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Impact of Genomics

Genomic selection has revolutionized dairy cattle breeding – transforming dairy genetics more than any other innovation since artificial insemination in the 1930s.

Benefits of Genomics

Since 2009, dairy producers worldwide have been able to use high-ranking U.S. genomic sires. U.S. producers quickly embraced the genetic potential of these younger sires. In 2021, 71% of the A.I. breedings in U.S. dairy herds were to sires with no milking progeny. Genomic testing has also become an important herd management tool for mating, culling and selection decisions. One million animal genotypes are submitted annually to CDCB – with more than 90% of those being females.

Genomics deliver these benefits for dairy producers worldwide.

U.S. Dairy Leadership

U.S. dairy has provided an ideal environment for genomic selection – with a robust foundation of performance data, quality data collection and traditional evaluations, federal research support, investments by breeding organizations, creation of genotype technologies, and producers that were excited to innovate. Geneticists at the U.S. Department of Agriculture developed innovative methodologies that are now foundational and adopted in many other countries.

Double the Genetic Gain

Genomic selection in U.S. Holsteins has doubled the annual rates of genetic gain for production traits. For fitness traits, like fertility, udder health and productive life, the genetic gain has proven even higher.

The higher rate of genetic gain is shown when comparing the genetic merit of Holstein sires marketed before and after the start of genomic evaluations in 2009. In 2005 to 2010, the average gain in Net Merit $ was $40.33 per year. That annual gain doubled to $79.20 per year from 2016 to 2020, as the benefits of genomic selection were realized. 

This genetic gain is due to increased selection accuracy, increased selection intensity, and the shortened generation interval.

New Trait Development

Many traits important for animal health and herd profitability are difficult and expensive to measure. With genomics, phenotypes can be collected on a small, strategically-chosen group of genotyped animals. Marker effects can be calculated based on the reference population and used to predict genomic breeding values for all animals that have been genotyped. Genomics have enabled CDCB to develop and launch 11 economically-important traits since 2018 – such as disease resistance and feed efficiency.

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Parentage Verification

For every genotyped animal, CDCB can verify, correct or complete the animal’s pedigree information, which results in more accurate genetic evaluations and control of inbreeding.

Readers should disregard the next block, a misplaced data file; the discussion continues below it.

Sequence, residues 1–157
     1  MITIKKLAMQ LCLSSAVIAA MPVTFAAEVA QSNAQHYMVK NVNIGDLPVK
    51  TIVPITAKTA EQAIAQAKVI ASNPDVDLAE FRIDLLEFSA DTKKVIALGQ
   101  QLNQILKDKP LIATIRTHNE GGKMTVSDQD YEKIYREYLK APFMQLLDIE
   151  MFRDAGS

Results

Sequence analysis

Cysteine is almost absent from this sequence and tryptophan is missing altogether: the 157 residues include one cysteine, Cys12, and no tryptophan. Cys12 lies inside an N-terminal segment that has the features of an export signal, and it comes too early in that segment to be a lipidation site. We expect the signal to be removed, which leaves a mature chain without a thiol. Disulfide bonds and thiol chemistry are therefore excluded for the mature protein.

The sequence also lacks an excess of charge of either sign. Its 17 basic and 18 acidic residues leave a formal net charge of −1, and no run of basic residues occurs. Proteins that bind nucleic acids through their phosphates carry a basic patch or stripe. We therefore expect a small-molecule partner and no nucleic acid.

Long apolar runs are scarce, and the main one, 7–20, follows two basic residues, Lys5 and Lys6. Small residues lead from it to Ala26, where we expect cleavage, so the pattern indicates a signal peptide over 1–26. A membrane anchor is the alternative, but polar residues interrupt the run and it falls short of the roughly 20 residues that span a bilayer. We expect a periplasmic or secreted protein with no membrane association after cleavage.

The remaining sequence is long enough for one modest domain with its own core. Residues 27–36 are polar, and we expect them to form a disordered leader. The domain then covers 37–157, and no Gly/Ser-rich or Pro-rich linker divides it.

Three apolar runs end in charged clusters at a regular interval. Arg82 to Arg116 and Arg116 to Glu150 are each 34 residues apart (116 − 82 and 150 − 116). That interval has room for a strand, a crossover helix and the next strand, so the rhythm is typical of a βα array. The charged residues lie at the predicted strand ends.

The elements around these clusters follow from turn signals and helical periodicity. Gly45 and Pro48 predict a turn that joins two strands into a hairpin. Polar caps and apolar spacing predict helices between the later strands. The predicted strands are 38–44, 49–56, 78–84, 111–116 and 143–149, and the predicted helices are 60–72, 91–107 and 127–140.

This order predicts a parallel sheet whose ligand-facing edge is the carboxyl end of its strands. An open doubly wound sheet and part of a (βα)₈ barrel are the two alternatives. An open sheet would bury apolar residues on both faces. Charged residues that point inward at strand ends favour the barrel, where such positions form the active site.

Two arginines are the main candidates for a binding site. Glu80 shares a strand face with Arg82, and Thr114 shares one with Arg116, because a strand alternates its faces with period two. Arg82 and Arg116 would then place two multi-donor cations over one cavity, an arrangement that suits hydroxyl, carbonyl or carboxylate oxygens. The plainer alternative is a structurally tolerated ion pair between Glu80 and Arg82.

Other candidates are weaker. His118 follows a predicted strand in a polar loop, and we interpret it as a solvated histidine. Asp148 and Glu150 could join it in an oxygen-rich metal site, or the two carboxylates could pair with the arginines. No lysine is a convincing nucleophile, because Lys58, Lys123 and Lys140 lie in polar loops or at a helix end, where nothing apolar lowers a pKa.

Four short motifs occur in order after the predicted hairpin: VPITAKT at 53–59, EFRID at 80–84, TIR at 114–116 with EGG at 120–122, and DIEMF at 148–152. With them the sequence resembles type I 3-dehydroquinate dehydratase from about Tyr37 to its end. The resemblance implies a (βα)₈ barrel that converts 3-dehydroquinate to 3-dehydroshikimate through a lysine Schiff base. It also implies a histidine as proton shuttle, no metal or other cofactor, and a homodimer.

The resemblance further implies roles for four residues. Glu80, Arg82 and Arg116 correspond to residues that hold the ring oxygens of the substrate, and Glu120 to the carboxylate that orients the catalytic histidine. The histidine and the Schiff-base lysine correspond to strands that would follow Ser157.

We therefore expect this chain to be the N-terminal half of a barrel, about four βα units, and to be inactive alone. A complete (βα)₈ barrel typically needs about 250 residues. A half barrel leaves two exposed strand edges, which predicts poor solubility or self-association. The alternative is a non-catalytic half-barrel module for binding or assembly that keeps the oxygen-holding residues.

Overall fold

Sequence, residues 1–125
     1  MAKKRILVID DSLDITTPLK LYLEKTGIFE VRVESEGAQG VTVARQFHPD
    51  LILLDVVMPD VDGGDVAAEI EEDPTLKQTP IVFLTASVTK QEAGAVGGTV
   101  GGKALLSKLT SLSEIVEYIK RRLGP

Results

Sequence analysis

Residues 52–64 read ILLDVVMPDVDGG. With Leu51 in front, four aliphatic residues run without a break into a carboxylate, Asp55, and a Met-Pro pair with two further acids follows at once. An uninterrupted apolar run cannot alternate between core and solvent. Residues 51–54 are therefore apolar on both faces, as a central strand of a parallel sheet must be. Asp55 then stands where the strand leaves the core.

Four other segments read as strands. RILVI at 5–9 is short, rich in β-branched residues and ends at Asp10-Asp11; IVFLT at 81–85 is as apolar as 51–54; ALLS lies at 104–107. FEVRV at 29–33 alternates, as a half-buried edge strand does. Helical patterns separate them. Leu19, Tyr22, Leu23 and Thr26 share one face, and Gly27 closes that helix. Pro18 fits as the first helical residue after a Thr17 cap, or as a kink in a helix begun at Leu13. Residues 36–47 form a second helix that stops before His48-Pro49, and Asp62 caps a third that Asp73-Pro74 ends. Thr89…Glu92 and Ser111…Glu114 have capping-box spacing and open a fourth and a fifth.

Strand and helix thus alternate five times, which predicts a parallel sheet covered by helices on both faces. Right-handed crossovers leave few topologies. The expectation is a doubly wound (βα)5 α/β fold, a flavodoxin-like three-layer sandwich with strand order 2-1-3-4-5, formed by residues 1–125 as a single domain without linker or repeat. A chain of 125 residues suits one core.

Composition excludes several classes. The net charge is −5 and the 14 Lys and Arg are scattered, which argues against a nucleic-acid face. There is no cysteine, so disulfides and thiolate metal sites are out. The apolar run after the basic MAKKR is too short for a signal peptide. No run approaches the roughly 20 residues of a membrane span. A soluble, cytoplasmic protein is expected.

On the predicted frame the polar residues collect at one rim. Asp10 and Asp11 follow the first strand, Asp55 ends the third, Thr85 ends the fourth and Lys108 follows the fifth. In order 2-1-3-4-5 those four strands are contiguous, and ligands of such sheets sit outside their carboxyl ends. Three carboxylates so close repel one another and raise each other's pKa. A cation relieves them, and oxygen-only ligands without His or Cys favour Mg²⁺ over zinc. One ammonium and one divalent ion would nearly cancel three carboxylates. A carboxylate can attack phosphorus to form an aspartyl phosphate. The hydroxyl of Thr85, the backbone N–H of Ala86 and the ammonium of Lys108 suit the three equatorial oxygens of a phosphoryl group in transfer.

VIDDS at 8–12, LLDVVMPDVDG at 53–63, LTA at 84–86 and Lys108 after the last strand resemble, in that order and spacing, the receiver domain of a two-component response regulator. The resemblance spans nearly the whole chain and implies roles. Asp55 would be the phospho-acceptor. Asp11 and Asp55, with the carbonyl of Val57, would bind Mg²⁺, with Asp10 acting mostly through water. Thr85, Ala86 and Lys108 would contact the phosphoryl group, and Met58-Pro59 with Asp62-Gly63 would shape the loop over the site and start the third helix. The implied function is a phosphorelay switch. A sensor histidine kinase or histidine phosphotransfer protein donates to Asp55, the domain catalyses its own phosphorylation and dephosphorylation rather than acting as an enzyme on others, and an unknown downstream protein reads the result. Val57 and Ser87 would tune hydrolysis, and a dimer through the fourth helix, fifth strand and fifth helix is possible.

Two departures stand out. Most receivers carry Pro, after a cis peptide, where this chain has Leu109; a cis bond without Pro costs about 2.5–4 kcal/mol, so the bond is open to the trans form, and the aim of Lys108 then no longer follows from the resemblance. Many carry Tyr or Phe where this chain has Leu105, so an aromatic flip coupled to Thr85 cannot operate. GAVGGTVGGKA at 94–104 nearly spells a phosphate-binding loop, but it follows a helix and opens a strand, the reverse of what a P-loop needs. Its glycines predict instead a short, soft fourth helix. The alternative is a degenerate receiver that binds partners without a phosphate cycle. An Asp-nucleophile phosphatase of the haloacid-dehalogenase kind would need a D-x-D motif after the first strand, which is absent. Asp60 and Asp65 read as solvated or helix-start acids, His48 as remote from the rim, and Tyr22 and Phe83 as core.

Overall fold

Identification of Genetic Conditions

Haplotype tests are now routinely conducted to identify new recessive disorders and track the carrier status of genotyped animals. These haplotypes are used to trace genes or genetic variants that cause the expression of a particular phenotype. While some genetic variants are desirable, like polled, others can be detrimental or even lethal.
Haplotypes that affect fertility also are used to reduce matings that result in abortions, embryonic losses and other recessive defects.

Genetic Change: Driven by Four Factors

Genomic selection has resulted in a shortened generation interval, increased selection accuracy, and increased selection intensity for males and females as parents of the next generation.

Accuracy of selection = Precision, or reliability, with which genetic merit is estimated

Genomic evaluations are considerably more reliable than Parent Average

Selection Intensity = Level of superiority of parents of the next generation

More males and females can be screened efficiently through genotyping to identify elite animals

Genetic Variation = Relative differences among animal as controlled by genetic factors

Generation Interval = Average age of parents when their offspring are born

Genomic-tested young sires are available for A.I. at 1 year of age vs. 4 to 5 years for progeny-tested bulls

Milestones in Genomic Selection

U.S. dairy been a global leader in the research and development of genomic evaluations and applications.

2004

Cattle genome sequenced

2007

First commercial SNP genotyping chip (54K) released

2008

First U.S. dairy sires genotyped

2009

University of Maryland genome assembly – UMD3 – adapted

2009

Official U.S. genomic evaluations published for Holsteins, Jerseys and Brown Swiss

2011

Low-density, low-cost chip available

2011

1000 Bull Genomes Project initiated to sequence large numbers of bulls

2013

First genomic evaluations for Ayrshires

2015

One million genotypes recorded in the CDCB national cooperator database

2016

Guernseys receive first genomic evaluations

2018

Updated genome assembly – ARS-UCD1.2 – adopted for U.S. genomic evaluations

2018

Markers used to compute CDCB genomic predictions increased to 79,239 (80K)

2022

Six million animal genotypes in the CDCB national database